In what may be the most potent sponsorship of blockchain to date, Microsoft has quietly released Ethereum on Azure–its new Blockchain-as-a-Service (BaaS) that allows enterprises to use and customize their own permissioned Ethereum blockchain networks.
Instead of utilizing Ethereum’s standard Proof-of-Work consensus mechanism, Microsoft has opted for Proof-of-Authority (PoA), which they maintain is a “more efficient” choice with no mining required.
Where the Ethereum main network may be appropriate for trust-less environments, Microsoft points out that such a consensus mechanism falls short in permissioned blockchain deployments—the target market of the software giant, evidently.
Arguing this point, Cody Born, a software engineer at Azure Global, stated:
[Proof-of-Work] works great in anonymous, open networks where competition for cryptocurrency promotes security on the network. However, in private/consortium networks the underlying ether has no value.
In contrast to Ethereum’s current protocol, PoA grants approved individuals the right to validate transactions and blocks without the competitive and consumptive process of mining.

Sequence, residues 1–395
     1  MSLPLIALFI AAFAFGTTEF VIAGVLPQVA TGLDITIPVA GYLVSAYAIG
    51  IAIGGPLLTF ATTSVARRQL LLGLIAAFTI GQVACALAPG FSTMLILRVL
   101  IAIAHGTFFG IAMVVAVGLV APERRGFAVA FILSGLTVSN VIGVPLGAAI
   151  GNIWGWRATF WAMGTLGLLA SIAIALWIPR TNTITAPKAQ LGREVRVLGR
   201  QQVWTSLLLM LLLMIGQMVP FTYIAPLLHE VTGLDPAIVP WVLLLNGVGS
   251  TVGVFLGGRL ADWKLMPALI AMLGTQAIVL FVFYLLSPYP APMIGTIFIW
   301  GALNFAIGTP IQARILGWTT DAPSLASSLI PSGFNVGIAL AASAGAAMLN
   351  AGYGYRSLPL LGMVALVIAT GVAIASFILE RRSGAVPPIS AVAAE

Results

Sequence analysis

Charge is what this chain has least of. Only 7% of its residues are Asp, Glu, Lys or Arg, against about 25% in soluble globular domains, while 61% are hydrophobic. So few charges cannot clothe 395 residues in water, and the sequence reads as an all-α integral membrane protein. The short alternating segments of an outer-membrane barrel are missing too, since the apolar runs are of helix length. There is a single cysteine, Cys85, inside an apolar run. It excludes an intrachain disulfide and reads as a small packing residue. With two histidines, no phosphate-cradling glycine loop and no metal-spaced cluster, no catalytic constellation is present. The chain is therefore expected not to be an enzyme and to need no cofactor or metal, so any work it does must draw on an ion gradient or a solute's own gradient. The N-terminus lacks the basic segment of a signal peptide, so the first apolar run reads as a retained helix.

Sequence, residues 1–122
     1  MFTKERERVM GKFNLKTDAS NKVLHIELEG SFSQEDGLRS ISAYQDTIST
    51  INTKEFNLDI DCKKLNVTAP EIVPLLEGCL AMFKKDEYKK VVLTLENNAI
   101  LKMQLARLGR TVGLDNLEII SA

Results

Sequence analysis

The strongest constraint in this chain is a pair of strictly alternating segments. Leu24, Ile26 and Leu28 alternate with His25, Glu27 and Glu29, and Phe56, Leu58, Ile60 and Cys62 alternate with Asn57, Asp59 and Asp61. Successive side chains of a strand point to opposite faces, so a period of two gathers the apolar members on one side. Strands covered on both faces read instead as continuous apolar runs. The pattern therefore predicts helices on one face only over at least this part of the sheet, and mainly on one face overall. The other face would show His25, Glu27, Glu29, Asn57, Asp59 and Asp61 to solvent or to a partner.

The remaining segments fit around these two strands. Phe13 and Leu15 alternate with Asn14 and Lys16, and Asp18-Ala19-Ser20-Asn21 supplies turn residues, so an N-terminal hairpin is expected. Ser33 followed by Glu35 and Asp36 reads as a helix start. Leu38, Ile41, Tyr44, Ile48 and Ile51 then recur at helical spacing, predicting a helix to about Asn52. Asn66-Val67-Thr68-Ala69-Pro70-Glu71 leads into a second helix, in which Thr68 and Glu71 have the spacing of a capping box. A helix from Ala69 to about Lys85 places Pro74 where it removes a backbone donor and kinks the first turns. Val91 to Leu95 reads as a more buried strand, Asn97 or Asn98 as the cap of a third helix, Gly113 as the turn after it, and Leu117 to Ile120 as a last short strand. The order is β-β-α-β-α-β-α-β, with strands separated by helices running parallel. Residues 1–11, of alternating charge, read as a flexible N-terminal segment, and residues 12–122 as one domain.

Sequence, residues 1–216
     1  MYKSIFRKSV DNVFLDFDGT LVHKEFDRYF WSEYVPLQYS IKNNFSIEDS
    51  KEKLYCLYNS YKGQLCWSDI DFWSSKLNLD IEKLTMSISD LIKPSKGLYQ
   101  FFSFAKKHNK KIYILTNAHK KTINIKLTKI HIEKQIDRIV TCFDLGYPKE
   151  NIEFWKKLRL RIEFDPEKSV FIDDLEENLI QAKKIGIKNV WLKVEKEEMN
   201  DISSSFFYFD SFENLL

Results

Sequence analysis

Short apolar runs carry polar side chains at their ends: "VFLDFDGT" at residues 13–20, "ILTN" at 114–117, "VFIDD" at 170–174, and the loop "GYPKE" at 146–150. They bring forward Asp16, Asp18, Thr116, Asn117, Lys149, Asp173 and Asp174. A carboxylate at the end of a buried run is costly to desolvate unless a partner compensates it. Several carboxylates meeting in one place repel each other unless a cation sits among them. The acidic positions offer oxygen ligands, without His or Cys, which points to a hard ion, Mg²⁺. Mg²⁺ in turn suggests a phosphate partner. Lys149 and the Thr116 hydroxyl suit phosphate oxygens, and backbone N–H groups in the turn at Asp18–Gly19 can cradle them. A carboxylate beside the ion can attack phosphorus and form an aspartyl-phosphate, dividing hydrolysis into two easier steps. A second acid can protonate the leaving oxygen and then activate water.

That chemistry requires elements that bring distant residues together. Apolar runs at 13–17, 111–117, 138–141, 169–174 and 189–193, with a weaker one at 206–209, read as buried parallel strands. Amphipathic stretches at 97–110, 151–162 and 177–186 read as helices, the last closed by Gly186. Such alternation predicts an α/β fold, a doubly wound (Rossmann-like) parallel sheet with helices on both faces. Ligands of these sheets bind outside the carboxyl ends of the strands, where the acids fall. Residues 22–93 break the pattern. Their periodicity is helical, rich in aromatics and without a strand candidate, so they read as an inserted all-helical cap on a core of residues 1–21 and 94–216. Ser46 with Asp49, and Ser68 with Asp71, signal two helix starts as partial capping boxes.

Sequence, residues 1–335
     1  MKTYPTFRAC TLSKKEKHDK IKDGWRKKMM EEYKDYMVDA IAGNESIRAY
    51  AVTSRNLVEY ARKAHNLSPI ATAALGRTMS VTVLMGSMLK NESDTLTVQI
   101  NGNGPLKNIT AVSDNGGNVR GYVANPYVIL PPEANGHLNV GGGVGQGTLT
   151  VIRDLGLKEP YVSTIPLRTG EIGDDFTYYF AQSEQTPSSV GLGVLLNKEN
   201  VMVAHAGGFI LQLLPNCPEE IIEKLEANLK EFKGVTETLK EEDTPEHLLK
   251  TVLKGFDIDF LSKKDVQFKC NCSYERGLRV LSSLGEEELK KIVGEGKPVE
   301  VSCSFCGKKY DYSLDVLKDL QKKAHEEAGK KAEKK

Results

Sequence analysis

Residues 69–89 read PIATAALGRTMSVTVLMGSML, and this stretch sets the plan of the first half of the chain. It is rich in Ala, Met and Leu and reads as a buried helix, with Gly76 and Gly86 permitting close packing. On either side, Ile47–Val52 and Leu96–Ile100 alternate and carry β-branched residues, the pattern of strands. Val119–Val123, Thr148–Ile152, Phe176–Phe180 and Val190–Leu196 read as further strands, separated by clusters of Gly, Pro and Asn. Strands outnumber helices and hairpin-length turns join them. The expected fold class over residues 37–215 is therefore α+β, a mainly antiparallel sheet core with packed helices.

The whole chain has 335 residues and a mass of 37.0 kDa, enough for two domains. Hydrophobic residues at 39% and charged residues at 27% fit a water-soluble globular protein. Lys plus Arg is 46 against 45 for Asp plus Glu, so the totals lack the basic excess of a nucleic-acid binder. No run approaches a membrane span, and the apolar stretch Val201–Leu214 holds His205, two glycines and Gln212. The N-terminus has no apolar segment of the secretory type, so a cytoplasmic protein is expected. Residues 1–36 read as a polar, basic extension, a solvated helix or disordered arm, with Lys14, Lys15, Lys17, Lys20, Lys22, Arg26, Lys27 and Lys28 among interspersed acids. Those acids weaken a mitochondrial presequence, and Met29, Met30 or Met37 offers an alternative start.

Ethereum: World Supercomputer, Forevermore?
With a number of smart contract platforms edging closer to the top tier, Microsoft’s move may have given Ethereum a new lease on life.
While dwarfed by Ethereum’s $36 billion market capitalization, the likes of NEO, EOS and Zilliqa have claimed transactional throughput in the realm of thousands per second—figures that would presumably make Vitalik and his team break a sweat.
As the Ethereum developers devise various methods to overcome the platform’s known scalability issues, they may be imagining the success by proxy Microsoft may grant them.
Meanwhile, Microsoft may offer Ethereum an inconceivable reach to enterprises and consumers, all while opening up the network to broader use cases than its prolifically used “scam” dApps.
Despite the addition of such a powerful benefactor, Ethereum still braces against the record low prices that have not been seen since last November.
Cover Photo by Tadas Sar on Unsplash